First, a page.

By Ayodele Nwosu
Published on May 16th, 2014
Over the past decade, nurses have been part of a movement that reflects perhaps more change than any two decades combined. The recommendation that nurses lead inter-professional teams in improving delivery systems and care brings to the fore the necessity for new competencies, beyond evidence-based practice, that are requisite as nurses transform healthcare.
Directions in nursing education in the 1960s established nursing as an applied science. This was the entry of our profession into the age of knowledge. Only in the mid-1990s did it become clear that producing new knowledge was not enough. To affect better patient outcomes, new knowledge must be transformed into clinically useful forms, effectively implemented across the entire care team within a systems context, and measured in terms of meaningful impact on performance and health outcomes. The recently-articulated vision for the future of nursing in the Future of Nursing focuses on the convergence of knowledge, quality, and new functions in nursing. The recommendation that nurses lead inter-professional teams in improving delivery systems and care brings to the fore the necessity for new competencies, beyond evidence-based practice (EBP), that are requisite as nurses transform healthcare. These competencies focus on utilizing knowledge in clinical decision making and producing research evidence on interventions that promote uptake and use by individual providers and groups of providers.
Following the alarming report that major deficits in healthcare caused significant preventable harm. A key recommendation from the nation’s experts was to employ evidence-based practice. The chasm between what we know to be effective healthcare and what was practiced was to be crossed by using evidence to inform best practices.
In this wide-ranging effort, another significant player was added…the policymaker. For EBP to be successfully adopted and sustained, nurses and other healthcare professionals recognized that it must be adopted by individual care providers, microsystem and system leaders, as well as policy makers. Federal, state, local, and other regulatory and recognition actions are necessary for EBP adoption. For example, through the Magnet Recognition Program® the profession of nursing has been a leader in catalyzing adoption of EBP and using it as a marker of excellence.
Nurses indicated that, while nurses had positive attitudes toward EBP and wished to gain more knowledge and skills, they still faced significant barriers in employing it in practice. In spite of many significant advances, nurses still have more to do to achieve EBP across the board. A recent survey of the state of EBP in nurses indicated that, while nurses had positive attitudes toward EBP and wished to gain more knowledge and skills, they still faced significant barriers in employing it. One example of implementation of EBP points to the challenges of change. The evidence-based program.
Provide patient-centered care – identify, respect, and care about patients’ differences, values, preferences, and expressed needs; relieve pain and suffering; coordinate continuous care; listen to, clearly inform, communicate with, and educate patients; share decision making and management; and continuously advocate disease prevention, wellness, and promotion of healthy lifestyles, including a focus on population health.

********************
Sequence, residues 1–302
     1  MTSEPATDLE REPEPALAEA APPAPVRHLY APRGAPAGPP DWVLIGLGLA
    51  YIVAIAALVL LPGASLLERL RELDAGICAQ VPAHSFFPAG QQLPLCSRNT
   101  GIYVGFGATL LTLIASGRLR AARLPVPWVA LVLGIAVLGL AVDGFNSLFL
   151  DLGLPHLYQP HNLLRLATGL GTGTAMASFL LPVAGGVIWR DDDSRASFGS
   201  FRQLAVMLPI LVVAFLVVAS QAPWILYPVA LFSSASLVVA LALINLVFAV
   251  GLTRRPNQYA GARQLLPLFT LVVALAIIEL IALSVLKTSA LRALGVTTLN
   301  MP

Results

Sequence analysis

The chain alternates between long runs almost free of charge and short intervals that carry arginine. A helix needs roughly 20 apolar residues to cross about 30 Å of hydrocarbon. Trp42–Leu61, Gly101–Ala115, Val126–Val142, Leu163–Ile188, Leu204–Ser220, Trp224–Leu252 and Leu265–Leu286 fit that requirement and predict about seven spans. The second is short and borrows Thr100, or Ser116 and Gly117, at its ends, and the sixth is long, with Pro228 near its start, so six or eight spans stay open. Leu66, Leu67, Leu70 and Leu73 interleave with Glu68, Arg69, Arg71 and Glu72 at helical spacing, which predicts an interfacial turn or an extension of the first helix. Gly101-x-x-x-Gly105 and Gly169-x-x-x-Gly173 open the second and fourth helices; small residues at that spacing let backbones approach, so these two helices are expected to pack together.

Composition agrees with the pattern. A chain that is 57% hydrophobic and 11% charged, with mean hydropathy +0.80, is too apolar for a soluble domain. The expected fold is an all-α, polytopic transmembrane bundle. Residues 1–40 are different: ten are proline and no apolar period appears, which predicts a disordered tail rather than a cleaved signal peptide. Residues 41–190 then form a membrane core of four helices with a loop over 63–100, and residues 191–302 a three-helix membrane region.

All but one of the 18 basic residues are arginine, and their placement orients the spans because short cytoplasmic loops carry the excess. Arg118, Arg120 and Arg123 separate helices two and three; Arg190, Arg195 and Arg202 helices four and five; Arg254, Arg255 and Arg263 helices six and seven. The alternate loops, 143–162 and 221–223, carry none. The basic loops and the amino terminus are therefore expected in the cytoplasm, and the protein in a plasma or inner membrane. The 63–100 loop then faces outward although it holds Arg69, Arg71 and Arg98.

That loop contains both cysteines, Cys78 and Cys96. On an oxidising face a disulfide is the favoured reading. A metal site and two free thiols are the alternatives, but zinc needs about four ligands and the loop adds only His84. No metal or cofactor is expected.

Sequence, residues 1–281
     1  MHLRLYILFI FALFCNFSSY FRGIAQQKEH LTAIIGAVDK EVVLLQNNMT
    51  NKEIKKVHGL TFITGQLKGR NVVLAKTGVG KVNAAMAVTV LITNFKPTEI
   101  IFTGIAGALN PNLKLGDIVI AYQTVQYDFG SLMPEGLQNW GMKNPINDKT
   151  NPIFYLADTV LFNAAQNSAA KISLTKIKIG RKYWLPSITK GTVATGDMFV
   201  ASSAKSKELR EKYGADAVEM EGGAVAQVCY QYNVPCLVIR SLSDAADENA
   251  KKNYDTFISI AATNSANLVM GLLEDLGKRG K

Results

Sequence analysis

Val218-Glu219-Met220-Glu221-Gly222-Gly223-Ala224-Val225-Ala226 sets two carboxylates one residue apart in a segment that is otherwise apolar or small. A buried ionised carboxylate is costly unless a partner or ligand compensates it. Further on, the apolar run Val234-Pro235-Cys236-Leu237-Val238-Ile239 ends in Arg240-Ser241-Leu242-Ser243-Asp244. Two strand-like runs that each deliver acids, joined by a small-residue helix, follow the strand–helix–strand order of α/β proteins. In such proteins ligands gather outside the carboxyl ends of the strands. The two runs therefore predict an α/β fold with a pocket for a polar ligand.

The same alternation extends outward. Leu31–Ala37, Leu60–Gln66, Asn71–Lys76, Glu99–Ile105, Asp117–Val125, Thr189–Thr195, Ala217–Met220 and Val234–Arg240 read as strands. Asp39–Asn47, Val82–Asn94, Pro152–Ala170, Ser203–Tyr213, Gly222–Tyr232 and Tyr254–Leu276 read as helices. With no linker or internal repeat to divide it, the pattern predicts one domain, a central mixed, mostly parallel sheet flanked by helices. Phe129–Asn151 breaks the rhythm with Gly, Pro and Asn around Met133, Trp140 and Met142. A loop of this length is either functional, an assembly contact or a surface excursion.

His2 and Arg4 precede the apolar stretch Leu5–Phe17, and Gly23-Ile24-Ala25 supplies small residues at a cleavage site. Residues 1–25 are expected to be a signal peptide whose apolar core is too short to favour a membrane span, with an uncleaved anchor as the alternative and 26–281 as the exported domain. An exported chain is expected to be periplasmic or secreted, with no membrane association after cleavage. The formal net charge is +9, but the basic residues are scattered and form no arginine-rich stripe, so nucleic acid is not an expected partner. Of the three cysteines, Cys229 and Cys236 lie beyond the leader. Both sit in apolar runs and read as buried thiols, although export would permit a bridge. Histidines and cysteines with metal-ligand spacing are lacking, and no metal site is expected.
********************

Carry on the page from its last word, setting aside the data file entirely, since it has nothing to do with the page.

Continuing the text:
Work in interdisciplinary teams – cooperate, collaborate, communicate, and integrate care in teams to ensure that care is continuous and reliable. Employ evidence-based practice – integrate best research with clinical expertise and patient values for optimum care, and participate in learning and research activities to the extent feasible. Apply quality improvement – identify errors and hazards in care; understand and implement basic safety design principles, such as standardization and simplification; continually understand and measure quality of care in terms of structure, process, and outcomes in relation to patient and community needs; and design and test interventions to change processes and systems of care, with the objective of improving quality. Utilize informatics – communicate, manage knowledge, mitigate error, and support decision making using information technology.
Educating nurses in EBP competencies was catapulted forward. While the materials presented were in existence in other professional literature, the book added great value by synthesizing what was known into one publication. This resource was accessible to every faculty member offering teaching strategies and learning resources for incorporating the IOM competencies into curricula across the nation. The resource continues to be updated and expanded. The strength of these resources is that the approaches and strategies remain closely aligned with the Institute of Medicine’s continuing progress toward better health care. This close alignment reflects the appreciation that nursing must be part of this solution to effect the desired changes; and remaining in the mainstream with other health professions.
Through this national research collaborative, rigorous studies are designed and conducted through investigative teams. Foundational to the network is the virtual collaboratory, fashioned to conduct multi-site studies and designed around inter-professional academic-practice partnerships in research. The ISRN offers. Research Priorities were developed via stakeholder and expert panel consensus and are organized into four broad categories: transitions in care; high performing clinical microsystems; evidence-based quality improvement; and organizational culture. The research collaboratory concept has proven its capacity to conduct multi-site studies and is open to any investigator or collaborator in the field.